Our "Visionary Cities" project actually studied those aspects of cities (or non-urban areas) that are not necessarily planned or mapped out, but rather arise out of fulfilling a need presented by an urban situation. Examples given to us on the first day included the rooftop seating around Wrigley Field, and towers in Los Angeles, constructed to cover unsightly oil derricks. We each set about finding our own examples of these "strange architectures." By the middle of the semester each student in the class had their own subject/topic of architecture. Mine was called "in between" to start out, and was later switched to be called "void." There were 26 students, so each of us had a letter of the alphabet (mine being V) and we defined our type of architectural solution in accordance with that letter. I give you Void, and my 4 examples of unplanned architecture that made use of voids.
Each building/element/example was accompanied by a map, pinpointing its location in the world, a photo of the structure, and a drawing in 45 degree axonometric view done by us, as well as a write-up about the example, basically showing why it was relevant to our selected words.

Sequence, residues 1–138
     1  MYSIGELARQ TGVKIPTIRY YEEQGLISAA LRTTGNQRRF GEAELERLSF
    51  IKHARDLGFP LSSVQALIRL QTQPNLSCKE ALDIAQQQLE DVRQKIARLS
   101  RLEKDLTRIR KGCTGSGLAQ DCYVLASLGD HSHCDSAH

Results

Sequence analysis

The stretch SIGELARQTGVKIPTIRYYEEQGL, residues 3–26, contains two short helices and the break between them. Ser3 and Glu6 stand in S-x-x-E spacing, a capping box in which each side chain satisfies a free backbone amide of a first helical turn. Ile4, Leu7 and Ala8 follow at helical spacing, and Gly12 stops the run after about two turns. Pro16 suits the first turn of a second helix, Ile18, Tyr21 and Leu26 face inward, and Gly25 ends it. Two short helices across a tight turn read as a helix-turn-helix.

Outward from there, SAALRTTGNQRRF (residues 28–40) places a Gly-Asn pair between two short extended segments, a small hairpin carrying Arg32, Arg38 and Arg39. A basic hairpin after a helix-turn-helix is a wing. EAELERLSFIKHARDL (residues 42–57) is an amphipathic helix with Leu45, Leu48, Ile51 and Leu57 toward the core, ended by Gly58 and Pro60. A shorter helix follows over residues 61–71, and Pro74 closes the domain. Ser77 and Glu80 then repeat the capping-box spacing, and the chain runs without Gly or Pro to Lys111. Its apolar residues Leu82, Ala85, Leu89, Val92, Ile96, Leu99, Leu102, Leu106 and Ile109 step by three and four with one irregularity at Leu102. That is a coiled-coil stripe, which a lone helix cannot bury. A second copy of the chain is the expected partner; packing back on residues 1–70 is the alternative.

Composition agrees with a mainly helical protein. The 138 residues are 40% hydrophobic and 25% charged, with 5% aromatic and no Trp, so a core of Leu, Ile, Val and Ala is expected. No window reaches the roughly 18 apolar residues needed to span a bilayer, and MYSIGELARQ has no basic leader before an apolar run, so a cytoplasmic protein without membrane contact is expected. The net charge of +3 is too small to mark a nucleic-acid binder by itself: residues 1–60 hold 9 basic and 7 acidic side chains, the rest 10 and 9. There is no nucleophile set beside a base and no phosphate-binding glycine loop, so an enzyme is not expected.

My first example was the Stone House (Casa do Penedo) near Fafe, Portugal.
My second example was Mesa Verde, in the American Southwest.
My third example was the Bridge House in Ambleside, UK
My final example was alley houses in Mumbai, India, which had been shown in an exhibit at the Victoria and Albert Museum in London recently, put together by Studio Mumbai Architects.
The final result of all of our work is on view in the Ribbon Gallery, on the upper level at The UIC School of Architecture Building until August. It has also been compiled into a book, which I and my classmates had the option of purchasing.
It was a really interesting project to me, mostly because the "architecture" we were studying hadn't been designed by architects, but had come out of necessity, which seems to me to be more important than most of the things that we can plan in the first place.